UPDATE: Next Generation of Dodge Charger and Challenger Models Will Not Be Switching Vehicle Platforms
Despite rumors of the two cars utilizing a platform developed for Alfa Romeo or Maserati models, both the Dodge Charger and Challenger will continue utilizing a modified version of their current platform
During Fiat Chrysler’s Capital Markets presentation, current FCA CEO Sergio Marchionne not only shared an outline for the automaker’s goals moving forward; he also dismissed a number of popular rumors. First, Marchionne stated that FCA had no plans to bring back the Dodge Viper any time soon.
Marchionne also announced that the Dodge Challenger and Charger would not be receiving an Alfa Romeo Giorgio platform for their next iteration.
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The current platform utilized by both the Charger and the Challenger was developed by Chrysler and Daimler back when the former was merged with the latter. That platform, which was also used by the Mercedes-Benz E-Class, dates back to the 1990s.
Although the platform has received some upgrades over the years, most notably in 2011, many automotive enthusiasts have come to believe that the Challenger’s current underbody is becoming long in the tooth, so to speak. Therefore, when FCA reintroduced Alfa Romeo to American audiences in the form of the Alfa Romeo Giulia, enthusiasts and analysts from across the industry assumed that the Giulia’s new platform, dubbed the Giorgio, would find its way to Dodge’s passenger car lineup.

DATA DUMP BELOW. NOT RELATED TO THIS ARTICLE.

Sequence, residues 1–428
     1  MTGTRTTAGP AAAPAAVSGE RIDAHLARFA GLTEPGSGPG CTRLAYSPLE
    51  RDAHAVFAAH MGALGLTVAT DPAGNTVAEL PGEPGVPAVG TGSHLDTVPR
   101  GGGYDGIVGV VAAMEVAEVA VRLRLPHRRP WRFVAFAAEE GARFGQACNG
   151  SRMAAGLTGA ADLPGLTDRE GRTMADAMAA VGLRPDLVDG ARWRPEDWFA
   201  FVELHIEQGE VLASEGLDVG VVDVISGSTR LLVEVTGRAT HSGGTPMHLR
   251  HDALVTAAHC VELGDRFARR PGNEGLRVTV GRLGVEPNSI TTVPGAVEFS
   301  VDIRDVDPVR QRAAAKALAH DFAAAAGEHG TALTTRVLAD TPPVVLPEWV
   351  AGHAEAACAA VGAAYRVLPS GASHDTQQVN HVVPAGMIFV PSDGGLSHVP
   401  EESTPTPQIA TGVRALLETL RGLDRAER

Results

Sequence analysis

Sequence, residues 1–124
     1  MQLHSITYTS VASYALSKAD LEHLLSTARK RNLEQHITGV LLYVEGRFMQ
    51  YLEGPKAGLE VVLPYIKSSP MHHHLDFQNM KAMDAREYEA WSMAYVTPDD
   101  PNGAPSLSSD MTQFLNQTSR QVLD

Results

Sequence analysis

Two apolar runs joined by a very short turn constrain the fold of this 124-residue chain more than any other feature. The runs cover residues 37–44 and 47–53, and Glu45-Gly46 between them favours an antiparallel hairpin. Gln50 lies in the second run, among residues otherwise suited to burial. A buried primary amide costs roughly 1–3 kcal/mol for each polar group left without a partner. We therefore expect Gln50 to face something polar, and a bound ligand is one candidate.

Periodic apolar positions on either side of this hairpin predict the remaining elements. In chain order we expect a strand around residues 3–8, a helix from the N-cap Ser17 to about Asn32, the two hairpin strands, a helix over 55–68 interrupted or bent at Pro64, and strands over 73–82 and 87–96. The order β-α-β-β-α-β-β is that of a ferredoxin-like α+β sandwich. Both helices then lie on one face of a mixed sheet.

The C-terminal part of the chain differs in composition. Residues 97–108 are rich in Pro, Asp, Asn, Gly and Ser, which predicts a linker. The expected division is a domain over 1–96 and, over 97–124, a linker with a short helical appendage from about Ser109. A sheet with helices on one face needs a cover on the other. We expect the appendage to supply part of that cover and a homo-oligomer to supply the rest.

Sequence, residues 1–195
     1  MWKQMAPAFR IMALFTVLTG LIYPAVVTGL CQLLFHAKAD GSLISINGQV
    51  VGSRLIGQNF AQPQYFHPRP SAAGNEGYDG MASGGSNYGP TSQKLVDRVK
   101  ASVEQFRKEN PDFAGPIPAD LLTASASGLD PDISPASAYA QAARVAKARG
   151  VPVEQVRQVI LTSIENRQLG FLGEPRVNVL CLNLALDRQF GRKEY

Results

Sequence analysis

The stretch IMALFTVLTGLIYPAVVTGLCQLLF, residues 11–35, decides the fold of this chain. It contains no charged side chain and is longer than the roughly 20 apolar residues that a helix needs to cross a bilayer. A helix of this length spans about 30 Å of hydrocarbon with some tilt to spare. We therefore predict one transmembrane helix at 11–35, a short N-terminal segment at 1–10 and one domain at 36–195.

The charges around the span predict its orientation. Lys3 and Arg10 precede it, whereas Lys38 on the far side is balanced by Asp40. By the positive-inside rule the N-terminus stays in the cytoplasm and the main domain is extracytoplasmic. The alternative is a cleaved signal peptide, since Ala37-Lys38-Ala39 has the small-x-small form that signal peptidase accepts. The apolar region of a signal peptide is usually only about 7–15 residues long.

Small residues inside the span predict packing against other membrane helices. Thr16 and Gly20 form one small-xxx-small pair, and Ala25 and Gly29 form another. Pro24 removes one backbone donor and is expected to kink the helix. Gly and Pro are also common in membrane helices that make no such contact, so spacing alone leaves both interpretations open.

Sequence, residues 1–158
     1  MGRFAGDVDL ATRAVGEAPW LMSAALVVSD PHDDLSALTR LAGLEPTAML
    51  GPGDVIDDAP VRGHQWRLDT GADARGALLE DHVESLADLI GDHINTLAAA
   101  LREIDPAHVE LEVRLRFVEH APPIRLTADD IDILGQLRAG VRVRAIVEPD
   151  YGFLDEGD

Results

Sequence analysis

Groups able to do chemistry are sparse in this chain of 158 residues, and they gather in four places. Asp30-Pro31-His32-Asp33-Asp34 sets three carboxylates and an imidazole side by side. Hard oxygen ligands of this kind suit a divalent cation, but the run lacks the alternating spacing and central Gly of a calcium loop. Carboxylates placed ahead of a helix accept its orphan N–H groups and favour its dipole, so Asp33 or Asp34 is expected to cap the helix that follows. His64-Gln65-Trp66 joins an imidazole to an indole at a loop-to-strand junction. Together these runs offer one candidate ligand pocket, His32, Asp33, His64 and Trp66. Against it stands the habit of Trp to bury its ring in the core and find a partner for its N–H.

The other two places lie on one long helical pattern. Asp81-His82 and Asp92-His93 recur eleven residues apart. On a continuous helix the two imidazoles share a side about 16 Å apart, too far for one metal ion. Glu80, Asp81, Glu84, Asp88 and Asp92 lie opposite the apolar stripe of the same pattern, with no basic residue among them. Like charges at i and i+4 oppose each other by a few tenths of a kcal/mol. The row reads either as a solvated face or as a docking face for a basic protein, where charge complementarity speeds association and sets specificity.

Yet, Marchionne eliminated the possibility of that happening with his announcement last week. Of course, Marchionne’s reasoning for not switching platforms is ultimately pretty sound.
“The problem with Giorgio is from size and capability standpoint it reflects much more of a European performance requirement than it does the American heritage of Dodge,” the CEO remarked. Simply put, the European platform of the Giulia simply doesn’t complement the heavy Hemi V-8 engines under the hoods of the Dodge Challenger and Charger.
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Another rumored platform for the Dodge Challenger and Charger came in the form of the Maserati Ghibli platform. However, with rumors of FCA planning to spin off Maserati, this possibility seems just as unlikely as FCA using the Giulia’s platform.
Instead, the Dodge Challenger and Charger are set to use the same platforms, albeit with additional restructuring by the time the next generation of the models rolls out. While it is a bit disappointing to hear that the Challenger and Charger won’t be receiving new vehicle platforms for their next iteration, sacrificing the power that Dodge’s Hemi engines provide to the models in exchange for said new platform simply might not have been worth the cost.
News Source: CarBuzz